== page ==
A Trojan horse is a common type of rogue software. Such a program hides in a computer and has some malicious function. In contrast to viruses and worms, Trojans do not replicate. This chapter summarizes the main features of Trojans and also discusses how to modify a compiler in a devious way, to make it plant Trojans in programs that it compiles.
The Trojan war, described by Homer (Greek Oμηρoς) in the Iliadand the Odyssey, took place about 3200 years ago, in the beginning of the twelfth century b.c.. We don’t know whether the war actually happened or even if Homer existed, but throughout history (and even today) this chapter of Greek history has fascinated readers and writers alike and has inspired countless stories, poems, plays, and archaeological excavations. The Iliad describes how, having failed to capture Troy after ten years of siege and war, the Greeks, on the advice of Odysseus, made a giant wooden horse, left it at the gates of Troy, ostensibly as a peace offering, and pretended to sail away. The Trojans, intentionally confused by the Gods, dragged the horse inside the city walls and celebrated their “victory.” At night, Greek soldiers emerged from the horse’s hollow belly and opened the city gates, allowing their compatriots to pour in and capture and destroy Troy.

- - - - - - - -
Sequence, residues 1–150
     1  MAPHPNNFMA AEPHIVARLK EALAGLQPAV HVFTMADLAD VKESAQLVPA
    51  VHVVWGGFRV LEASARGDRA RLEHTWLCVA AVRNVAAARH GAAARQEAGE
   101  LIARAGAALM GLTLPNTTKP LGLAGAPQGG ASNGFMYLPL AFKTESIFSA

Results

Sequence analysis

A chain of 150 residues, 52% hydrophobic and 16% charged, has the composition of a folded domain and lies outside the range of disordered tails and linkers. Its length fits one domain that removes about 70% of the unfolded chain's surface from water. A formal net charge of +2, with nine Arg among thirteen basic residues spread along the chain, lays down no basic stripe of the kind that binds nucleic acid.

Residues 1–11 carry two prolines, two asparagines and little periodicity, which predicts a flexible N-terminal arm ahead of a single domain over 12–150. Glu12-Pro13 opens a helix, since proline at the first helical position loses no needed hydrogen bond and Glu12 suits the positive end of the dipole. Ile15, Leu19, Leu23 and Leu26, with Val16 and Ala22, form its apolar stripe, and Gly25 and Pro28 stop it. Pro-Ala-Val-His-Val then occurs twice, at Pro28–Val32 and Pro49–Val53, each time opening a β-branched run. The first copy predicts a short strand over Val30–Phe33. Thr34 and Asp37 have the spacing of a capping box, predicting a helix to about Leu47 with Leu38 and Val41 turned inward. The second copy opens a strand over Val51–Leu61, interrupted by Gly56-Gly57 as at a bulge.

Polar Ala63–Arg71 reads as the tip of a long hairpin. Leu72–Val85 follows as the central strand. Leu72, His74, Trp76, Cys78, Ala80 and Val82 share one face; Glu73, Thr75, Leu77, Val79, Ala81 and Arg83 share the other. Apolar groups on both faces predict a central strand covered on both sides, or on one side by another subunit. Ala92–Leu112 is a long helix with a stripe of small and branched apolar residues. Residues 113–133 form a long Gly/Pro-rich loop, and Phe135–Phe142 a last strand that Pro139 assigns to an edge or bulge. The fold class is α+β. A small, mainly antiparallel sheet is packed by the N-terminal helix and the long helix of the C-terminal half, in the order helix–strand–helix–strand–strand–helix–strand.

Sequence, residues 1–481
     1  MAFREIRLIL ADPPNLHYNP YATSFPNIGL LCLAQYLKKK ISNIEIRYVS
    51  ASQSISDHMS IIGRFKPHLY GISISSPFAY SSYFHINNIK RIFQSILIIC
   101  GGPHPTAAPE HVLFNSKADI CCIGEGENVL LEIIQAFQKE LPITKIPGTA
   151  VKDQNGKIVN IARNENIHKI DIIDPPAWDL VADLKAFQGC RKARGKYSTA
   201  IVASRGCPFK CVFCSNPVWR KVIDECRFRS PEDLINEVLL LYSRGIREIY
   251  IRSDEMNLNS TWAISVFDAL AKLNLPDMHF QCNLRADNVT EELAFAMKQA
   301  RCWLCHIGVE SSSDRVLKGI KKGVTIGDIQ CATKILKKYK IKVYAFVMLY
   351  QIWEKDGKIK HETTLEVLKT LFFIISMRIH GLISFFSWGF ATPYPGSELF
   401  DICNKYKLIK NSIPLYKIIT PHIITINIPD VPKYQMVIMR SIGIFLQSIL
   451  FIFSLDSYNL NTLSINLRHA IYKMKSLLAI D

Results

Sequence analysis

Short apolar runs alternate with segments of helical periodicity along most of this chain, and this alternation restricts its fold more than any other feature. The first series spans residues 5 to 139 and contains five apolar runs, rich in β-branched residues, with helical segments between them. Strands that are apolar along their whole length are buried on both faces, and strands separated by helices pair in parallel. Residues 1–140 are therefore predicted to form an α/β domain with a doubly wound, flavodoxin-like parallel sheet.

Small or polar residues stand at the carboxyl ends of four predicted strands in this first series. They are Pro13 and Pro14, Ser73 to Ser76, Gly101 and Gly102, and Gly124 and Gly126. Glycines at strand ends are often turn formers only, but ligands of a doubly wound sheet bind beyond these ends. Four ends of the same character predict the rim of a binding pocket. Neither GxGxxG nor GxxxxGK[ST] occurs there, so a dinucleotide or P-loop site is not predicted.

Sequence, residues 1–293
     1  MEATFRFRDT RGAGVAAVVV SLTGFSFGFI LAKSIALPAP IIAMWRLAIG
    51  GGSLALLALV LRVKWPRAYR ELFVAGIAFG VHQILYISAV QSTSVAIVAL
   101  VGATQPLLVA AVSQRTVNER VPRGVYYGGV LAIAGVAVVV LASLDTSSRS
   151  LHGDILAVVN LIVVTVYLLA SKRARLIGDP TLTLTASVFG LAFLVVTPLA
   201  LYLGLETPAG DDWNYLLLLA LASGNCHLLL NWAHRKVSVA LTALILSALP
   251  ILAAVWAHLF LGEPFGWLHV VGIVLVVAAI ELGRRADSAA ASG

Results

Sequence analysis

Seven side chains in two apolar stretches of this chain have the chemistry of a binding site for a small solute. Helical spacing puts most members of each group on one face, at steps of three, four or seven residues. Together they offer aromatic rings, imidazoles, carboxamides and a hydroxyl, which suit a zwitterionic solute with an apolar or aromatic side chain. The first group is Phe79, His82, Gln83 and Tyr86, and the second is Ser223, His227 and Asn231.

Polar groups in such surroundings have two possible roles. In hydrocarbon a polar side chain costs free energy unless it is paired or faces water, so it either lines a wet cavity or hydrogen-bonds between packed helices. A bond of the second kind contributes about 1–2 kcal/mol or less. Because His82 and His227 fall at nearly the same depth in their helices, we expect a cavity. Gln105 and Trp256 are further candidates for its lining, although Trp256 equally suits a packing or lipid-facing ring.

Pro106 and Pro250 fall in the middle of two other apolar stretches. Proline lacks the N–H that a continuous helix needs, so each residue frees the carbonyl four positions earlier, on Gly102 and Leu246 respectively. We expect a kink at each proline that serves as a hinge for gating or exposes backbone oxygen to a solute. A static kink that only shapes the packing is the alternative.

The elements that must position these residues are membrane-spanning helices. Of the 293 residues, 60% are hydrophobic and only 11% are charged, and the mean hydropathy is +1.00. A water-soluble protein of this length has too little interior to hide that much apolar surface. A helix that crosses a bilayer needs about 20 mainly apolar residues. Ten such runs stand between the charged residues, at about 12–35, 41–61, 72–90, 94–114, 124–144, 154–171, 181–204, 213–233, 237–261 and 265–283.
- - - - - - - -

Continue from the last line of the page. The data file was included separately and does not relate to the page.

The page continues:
KeywordsSource Code Trojan Horse Malicious Code Account Number Object Code
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- Denning, Peter J. (1990) Computers Under Attack: Intruders, Worms, and Viruses, New York, ACM Press and Addison Wesley.Google Scholar
- Witten, Ian H. (1987) “Computer (In)security: Infiltrating Open Systems,” ABACUS, 4(4)7–25. Also available from cryptome.org/compinsec.htm and in [Denning 90].Google Scholar